J&J commits to increase people of color in eye care industry
Johnson & Johnson Vision announced it is collaborating with Black EyeCare Perspective to grow the percentage of Black people in the eye care industry to 13% to mirror the number of Blacks in the U.S. population.
The company announced in a press release that by signing the 13% Promise it will continue to support sponsorships and new programs to improve representation of people of color in optometry, bring more diversity and equity into the industry, and create more culturally relevant information and eye health education materials.
Darryl Glover, OD, co-founder of Black EyeCare Perspective, which he said aims to “cultivate lifelong relationships among black optometrists,” stated during a J&J-hosted webinar that only 1.8% of practicing optometrists and only 3.2% of optometry school students are black.
“We realize [13%] is a high number,” Glover said. “We understand we have to build a pipeline and a plan to recruit, develop and create opportunities for black optometrists.”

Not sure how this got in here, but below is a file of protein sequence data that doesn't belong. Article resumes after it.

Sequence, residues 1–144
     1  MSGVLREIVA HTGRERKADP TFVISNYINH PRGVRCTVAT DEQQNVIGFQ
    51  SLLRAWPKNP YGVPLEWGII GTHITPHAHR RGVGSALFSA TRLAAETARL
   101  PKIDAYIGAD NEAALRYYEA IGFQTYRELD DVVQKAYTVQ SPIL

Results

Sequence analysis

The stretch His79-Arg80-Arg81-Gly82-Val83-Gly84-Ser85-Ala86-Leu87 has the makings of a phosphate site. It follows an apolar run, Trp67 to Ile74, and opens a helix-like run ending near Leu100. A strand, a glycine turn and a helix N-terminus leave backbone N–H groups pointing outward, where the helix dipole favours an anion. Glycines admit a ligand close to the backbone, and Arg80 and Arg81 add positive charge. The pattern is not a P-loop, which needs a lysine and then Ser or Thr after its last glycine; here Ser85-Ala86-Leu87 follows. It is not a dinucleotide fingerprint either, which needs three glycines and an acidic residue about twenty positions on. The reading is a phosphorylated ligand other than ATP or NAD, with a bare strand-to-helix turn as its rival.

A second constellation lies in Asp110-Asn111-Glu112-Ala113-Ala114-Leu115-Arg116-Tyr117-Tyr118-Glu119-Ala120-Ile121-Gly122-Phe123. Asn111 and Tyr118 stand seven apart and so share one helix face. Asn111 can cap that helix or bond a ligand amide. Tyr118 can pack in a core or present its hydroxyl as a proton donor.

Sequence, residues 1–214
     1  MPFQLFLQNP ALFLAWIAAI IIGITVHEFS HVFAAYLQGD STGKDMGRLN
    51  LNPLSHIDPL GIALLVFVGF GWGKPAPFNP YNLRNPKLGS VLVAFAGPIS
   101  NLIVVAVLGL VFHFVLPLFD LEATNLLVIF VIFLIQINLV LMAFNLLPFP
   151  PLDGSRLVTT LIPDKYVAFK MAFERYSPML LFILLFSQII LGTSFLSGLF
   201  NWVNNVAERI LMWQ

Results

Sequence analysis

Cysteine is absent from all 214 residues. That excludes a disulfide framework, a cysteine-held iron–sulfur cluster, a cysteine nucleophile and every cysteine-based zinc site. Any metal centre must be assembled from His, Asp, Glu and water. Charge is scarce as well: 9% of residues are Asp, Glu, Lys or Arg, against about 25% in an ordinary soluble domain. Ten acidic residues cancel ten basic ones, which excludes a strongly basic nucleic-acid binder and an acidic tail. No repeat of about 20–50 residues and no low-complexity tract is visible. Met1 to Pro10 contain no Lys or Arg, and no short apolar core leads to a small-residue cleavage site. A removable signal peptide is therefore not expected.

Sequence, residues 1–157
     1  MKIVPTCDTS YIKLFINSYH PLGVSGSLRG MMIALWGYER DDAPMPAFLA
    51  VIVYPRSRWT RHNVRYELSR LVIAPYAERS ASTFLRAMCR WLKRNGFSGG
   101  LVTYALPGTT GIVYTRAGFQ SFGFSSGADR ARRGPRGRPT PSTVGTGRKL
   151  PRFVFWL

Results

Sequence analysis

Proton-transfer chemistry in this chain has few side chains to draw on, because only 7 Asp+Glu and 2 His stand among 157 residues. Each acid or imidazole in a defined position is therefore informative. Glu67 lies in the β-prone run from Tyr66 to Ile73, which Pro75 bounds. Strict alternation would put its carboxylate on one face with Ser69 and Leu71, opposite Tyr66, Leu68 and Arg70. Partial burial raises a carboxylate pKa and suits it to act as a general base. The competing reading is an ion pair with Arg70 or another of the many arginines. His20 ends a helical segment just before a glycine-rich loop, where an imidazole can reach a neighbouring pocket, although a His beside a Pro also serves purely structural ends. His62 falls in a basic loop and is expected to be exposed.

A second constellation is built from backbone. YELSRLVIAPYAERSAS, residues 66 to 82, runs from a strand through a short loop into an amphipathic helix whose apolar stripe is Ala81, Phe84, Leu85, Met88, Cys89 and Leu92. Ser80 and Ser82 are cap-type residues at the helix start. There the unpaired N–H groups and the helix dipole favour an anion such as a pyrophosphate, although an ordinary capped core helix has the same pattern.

He explained that the plan is to first create awareness in kindergarten through high school by getting into the community, develop pre-optometry clubs in undergraduate schools, then facilitate optometry school programs to help graduates find the right career fit.
The New England College of Optometry also made a commitment to the 13% Promise during the webinar. President and CEO Howard Purcell, OD, FAAO, said the college has already increased the diversity of its entering class in 2021 over 2020 by 150% for students who identify as Black and 200% for those who identify as Hispanic or Latino.
Webinar participant Charissa Lee, OD, J&J head of North America professional affairs, said, “We recognize at Johnson & Johnson we must keep our diversity strong. We want to ensure health care providers reflect the types of patients and communities they serve. We can only do that if we stand together with unity, solidarity and decisive action to change the trajectory of eye health forever.”
Johnson said individual optometrists, “Can make a change one person at a time. Make yourself available to your community. Spread awareness to our profession. Optometry is a minority in and of itself in health care.”
Purcell added: “Put pressure on your academic institution. Tell them you want to be part of it.”